FIG. 10 shows the locking device 80 in the rest position, that is, the right handle bar 12 rests in parallel to the seat section 5a. Here, the latch bar 85 engages in the groove 88 so that the handle bar 12 cannot be tilted unintentionally about the axis 24. In order to bring the handle bar 12 into the use position shown in FIG. 1, the latch bar 85 is tilted out of the groove 88, by applying thumb pressure to the thumb area 84, to such an extent as shown in FIG. 11, that the handle bar 12 with the locking member 82 may be rotated. The grooved member 81 has a further, not visible groove for the use position so that the latch bar 85, upon rotation of the handle bar 12 and thus of the locking member 82 in the direction of the arrow 89, engages into said further groove due to the force of said above mentioned spring to thereby arrest the handle bar in the predetermined use position. In order to fold the wheel chair the arresting is released by applying thumb pressure on the area 84 and rotating the handle bar 12 back into the starting position, whereby the latch bar 85 again engages in the groove 88.
The FIGS. 12 and 13 show some details of a journal connection 90 interconnecting a slidable tubular member 11 with a slide rail section 17. The connection 90 comprises substantially two eyes 91 rigidly secured to the slidable tubular member, a further eye 92 rigidly secured to the slide rail section 17, and a bolt 93 arranged concentrically to the axis 39. The mentioned elements form a hinge permitting a journalling motion of the slide rail section 17 relative to the slidable tubular member 11. A spring biased operating lever 95 having a hook 96 is mounted for tilting about a further axis 94 secured to the slidable tubular member 11. The further axis 94 is spaced from said axis 39. Thus, the operating lever 95 with its hook 96 is urged by a spring not shown, in the direction of the arrow 97 against a stop not shown, in such a manner that the hook 96 takes up the position shown in FIG. 13.
A pin 98 is secured to the slide rail section 17 with a spacing from the axis 39 so that it provides together with the hook 96 an arresting mechanism. If the slide rail section 17 is brought into the position shown in FIG. 12, the hook 96 is tilted by the pin 98 against the force of the spring with the aid of a bevel 99 out of the above described position until the pin 98 is located below the hook 96 and which returns into the old position. Thus, the slide rail section 17 is arrested in the use position. To release the arresting a thumb pressure on the operating lever 95 is sufficient whereby the hook 96 again releases the pin 98.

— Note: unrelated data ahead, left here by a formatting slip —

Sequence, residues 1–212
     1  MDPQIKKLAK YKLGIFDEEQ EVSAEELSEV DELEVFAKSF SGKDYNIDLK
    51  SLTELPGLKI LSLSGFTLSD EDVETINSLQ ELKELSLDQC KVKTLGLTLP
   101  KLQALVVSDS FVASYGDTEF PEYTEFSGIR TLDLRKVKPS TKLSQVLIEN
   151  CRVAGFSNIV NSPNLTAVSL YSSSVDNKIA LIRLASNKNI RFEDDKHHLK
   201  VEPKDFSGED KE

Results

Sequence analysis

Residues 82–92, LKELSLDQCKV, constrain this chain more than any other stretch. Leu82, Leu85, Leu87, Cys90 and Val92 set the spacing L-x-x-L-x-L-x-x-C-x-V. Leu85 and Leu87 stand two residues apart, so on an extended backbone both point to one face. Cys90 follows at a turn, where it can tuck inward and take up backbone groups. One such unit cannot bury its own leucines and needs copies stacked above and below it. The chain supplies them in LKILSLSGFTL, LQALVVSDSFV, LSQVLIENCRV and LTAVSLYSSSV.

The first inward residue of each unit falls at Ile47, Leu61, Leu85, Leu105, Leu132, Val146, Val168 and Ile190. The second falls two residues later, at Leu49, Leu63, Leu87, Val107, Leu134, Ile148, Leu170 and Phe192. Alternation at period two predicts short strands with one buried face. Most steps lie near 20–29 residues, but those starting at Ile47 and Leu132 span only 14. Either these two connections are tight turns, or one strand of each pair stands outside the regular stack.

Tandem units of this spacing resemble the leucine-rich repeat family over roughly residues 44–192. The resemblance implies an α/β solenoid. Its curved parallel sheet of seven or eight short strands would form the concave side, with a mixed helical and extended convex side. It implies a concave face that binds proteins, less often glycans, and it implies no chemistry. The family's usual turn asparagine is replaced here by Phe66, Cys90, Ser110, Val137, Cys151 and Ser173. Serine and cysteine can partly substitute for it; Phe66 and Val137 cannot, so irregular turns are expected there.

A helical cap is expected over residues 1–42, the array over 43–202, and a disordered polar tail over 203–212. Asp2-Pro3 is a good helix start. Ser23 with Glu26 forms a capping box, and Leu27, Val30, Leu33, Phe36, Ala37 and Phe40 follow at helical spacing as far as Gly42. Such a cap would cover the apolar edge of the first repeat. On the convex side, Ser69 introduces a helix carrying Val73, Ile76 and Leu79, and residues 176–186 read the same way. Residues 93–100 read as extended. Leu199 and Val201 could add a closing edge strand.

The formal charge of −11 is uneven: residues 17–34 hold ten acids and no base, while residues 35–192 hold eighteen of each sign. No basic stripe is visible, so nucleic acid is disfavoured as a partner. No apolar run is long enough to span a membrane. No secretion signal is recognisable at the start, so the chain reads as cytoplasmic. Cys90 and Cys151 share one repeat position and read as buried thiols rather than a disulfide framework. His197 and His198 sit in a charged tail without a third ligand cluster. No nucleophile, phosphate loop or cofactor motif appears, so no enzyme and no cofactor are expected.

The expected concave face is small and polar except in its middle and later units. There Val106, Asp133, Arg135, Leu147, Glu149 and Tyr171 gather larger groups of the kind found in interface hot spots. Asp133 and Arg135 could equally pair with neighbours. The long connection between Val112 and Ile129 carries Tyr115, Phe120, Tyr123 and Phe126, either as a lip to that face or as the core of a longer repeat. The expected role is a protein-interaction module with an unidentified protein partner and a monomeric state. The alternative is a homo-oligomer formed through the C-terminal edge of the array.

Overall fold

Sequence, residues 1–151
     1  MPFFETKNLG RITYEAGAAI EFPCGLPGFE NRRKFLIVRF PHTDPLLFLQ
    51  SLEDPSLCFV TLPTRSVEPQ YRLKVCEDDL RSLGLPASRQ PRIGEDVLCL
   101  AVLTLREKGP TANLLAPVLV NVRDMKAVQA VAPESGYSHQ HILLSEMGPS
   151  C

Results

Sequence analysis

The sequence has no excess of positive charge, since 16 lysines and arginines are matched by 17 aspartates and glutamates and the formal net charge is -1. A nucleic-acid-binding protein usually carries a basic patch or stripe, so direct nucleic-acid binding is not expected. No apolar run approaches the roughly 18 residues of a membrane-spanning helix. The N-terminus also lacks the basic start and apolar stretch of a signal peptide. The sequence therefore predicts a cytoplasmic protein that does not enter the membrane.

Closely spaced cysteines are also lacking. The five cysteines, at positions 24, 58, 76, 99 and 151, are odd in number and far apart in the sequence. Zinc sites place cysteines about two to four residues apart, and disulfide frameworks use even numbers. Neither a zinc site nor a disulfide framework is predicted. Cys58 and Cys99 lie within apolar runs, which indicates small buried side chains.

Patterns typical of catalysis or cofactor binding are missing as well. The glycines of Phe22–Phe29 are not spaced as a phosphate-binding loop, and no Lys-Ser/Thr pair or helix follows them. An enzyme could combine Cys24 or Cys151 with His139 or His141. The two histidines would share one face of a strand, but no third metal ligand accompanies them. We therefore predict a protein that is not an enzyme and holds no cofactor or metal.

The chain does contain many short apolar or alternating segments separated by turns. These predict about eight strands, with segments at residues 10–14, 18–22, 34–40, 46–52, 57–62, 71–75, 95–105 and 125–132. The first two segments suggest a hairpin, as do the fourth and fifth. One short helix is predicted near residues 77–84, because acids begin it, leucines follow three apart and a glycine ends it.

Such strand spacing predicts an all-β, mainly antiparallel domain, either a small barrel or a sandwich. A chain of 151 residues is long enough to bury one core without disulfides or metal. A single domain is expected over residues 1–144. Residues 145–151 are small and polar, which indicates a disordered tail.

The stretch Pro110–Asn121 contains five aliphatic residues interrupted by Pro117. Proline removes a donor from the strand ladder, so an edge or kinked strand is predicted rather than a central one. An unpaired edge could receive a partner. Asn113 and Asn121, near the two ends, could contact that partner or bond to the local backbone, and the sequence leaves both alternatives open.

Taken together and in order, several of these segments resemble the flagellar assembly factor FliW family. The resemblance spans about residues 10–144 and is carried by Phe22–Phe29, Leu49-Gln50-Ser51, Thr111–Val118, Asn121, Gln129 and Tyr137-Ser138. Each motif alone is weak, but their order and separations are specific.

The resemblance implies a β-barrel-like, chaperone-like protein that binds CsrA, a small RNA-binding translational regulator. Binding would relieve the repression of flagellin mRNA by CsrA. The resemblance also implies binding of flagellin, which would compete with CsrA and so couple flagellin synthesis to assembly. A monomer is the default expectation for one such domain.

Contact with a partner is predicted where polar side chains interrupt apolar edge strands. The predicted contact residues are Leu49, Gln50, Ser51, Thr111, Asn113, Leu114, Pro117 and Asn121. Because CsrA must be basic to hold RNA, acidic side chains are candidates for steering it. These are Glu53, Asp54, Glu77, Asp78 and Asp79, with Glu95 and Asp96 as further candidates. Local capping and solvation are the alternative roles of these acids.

Although the invention has been described with reference to specific example embodiments, it will be appreciated that it is intended to cover all modifications and equivalents within the scope of the appended claims.
In order that the invention may be clearly understood, it will now be described, by way of example, with reference to the accompanying drawings, wherein:
FIG. 1 is a perspective view of a chair according to the invention;
FIG. 2 is a side view of the present wheel chair, whereby structural details have been omitted to emphasize the several journal means provided for the folding features according to the invention;
FIG. 3 shows the compact package into which the present wheel chair may be folded;
FIG. 4 is a sectional view along section line IV--IV in FIG. 2;
FIG. 5 is a similar view as FIG. 1 on an enlarged scale and showing only the lower portion of the present chair with the means for elevating the seat to different levels;
FIG. 6 shows a hydraulic circuit diagram for the seat elevating means, whereby two hydraulic control circuits have a common suction and pressure circuit path;
FIG. 7 shows another version of a hydraulic circuit arrangement for the seat elevating means;
FIG. 8 illustrates the use of the present wheel chair over a toilet seat in a public transportation;
FIG. 9 illustrates the use of the present seat in the aisle of an aircraft or bus with the wheel chair seat elevated to the level of the arm rests of the seating adjacent to the aisle;
FIG. 10 shows a perspective view of a locking device in its locked condition for arresting a tiltable member in a fixed position relative to a member to which the tiltable member is secured;
FIG. 11 shows perspectively the locking device of FIG. 10 in its unlocked condition;
FIG. 12 shows a perspective view of an arresting mechanism in its arresting position for securing two foldable chair components to each other, thereby preventing their tilting relative to each other; and
FIG. 13 shows a perspective view of the arresting device of FIG. 11 in releasing position thereby permitting the tilting of the two foldable chair components relative to each other.
The present application is based on German Serial No. P 31 21 127.5, filed in the Federal Republic of Germany on May 27, 1981. The priority of the German filing date is claimed for the present application.